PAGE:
So how does this new Circa Theatre production, also directed by Ross Jolly, follow acts like that? Although Beckett has famously stipulated no-one can mess with his text, design choices invariably distinguish each production.
The set is described in the script as: A country road. A tree. Evening. Designer Andrew Foster gives us a clean pale grey slightly raked stage with clean pale grey side panels against a clean pale grey cyclorama. A grey concrete block serves as the low mound, to be sat upon. The tree stands bare in a neat clutch of stones – and is clearly not capable of supporting Estragon’s suggestion that they could hang themselves. Whether that has intended meaning or not is up to us to decide, as with every beat of the play. There is little to indicate a road, as such, let alone that Vladimir and Estragon are consigned to the verge or the ditch alongside.
Lighting designer Marcus McShane bathes the set in even daylight, uses the tree’s shadow to suggest different times of day, gives the cyc a hint of warm glow to indicate daytime and dramatically plunges the stage into twilight, with a fast moon rising (impeccably operated by Deb McGuire).
Sheila Horton’s contemporary costume designs clothe the duo as if they were homeless in Courtenay Place or Cuba Mall. Vladimir, in a multi-pocketed tan jacket, is marginally neater than the shabby grey Estragon. Later the pompous landowner Pozzo appears crisply suited in autumnal orange with a dark brown shirt, silver chain glinting on his chest, and an extraordinary pair of multi-colored shoes. His slave, the hapless Lucky, is punked-out with torn black jeans, a dark baggy t-shirt that harbors hints of skulls, a waistcoat, and a black felt hat. The hats are worn by all four complete the eloquent statements of social status and personality. The Boy who comes with a message from Mr. Godot (that he won’t come this evening but will come tomorrow) wears a light hoodie and calf-length pants. And both Lucky and the Boy have bleached blonde hair – make of that what we will.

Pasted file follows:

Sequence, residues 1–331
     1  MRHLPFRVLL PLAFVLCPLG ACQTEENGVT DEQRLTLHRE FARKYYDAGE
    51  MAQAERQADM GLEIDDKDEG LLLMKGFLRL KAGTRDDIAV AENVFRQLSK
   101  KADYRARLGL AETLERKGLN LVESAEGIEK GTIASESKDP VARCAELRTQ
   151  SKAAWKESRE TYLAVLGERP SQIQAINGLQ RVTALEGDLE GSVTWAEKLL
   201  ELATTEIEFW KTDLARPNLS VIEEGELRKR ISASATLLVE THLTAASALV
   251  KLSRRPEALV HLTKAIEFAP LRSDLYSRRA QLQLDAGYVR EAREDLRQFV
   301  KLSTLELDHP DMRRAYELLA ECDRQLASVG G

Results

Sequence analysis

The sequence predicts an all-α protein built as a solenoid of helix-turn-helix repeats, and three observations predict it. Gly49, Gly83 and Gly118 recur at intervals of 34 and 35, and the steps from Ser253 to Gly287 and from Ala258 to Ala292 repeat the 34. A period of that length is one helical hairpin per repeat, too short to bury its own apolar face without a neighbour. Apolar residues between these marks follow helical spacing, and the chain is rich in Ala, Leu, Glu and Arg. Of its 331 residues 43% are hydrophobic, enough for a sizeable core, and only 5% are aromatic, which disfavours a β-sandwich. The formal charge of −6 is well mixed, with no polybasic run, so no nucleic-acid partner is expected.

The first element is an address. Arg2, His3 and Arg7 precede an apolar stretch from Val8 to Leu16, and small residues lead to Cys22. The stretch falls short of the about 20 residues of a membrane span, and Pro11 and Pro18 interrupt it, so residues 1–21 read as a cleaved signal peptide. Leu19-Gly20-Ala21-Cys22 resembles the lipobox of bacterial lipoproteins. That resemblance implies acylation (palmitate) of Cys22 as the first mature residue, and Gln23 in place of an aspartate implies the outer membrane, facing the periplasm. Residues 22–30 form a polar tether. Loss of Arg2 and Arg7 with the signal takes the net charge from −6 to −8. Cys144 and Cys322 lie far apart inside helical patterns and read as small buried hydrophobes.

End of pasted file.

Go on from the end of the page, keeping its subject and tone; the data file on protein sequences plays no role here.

Jeff Kingsford-Brown convincingly embodies Estragon/Gogo’s self-involved emotional states from despair to brief delight and back again. Constantly pre-occupied with his boots, oblivious of how much they smell, and desperately wanting to sleep, it is he who keeps suggesting they go far away from here or hang themselves.
Andrew Foster’s Vladimir/Didi, more intent on thinking (to prove he exists?), attempts to maintain an arms-length distance, believing Gogo would be lost without him. He keeps checking his hat in the apparent hope some mystery will reveal itself there, and it is he who keeps on having to remind Gogo they cannot go because they are waiting for Godot. Only occasionally does his relative objectivity give way to a plaintive, “Help me!”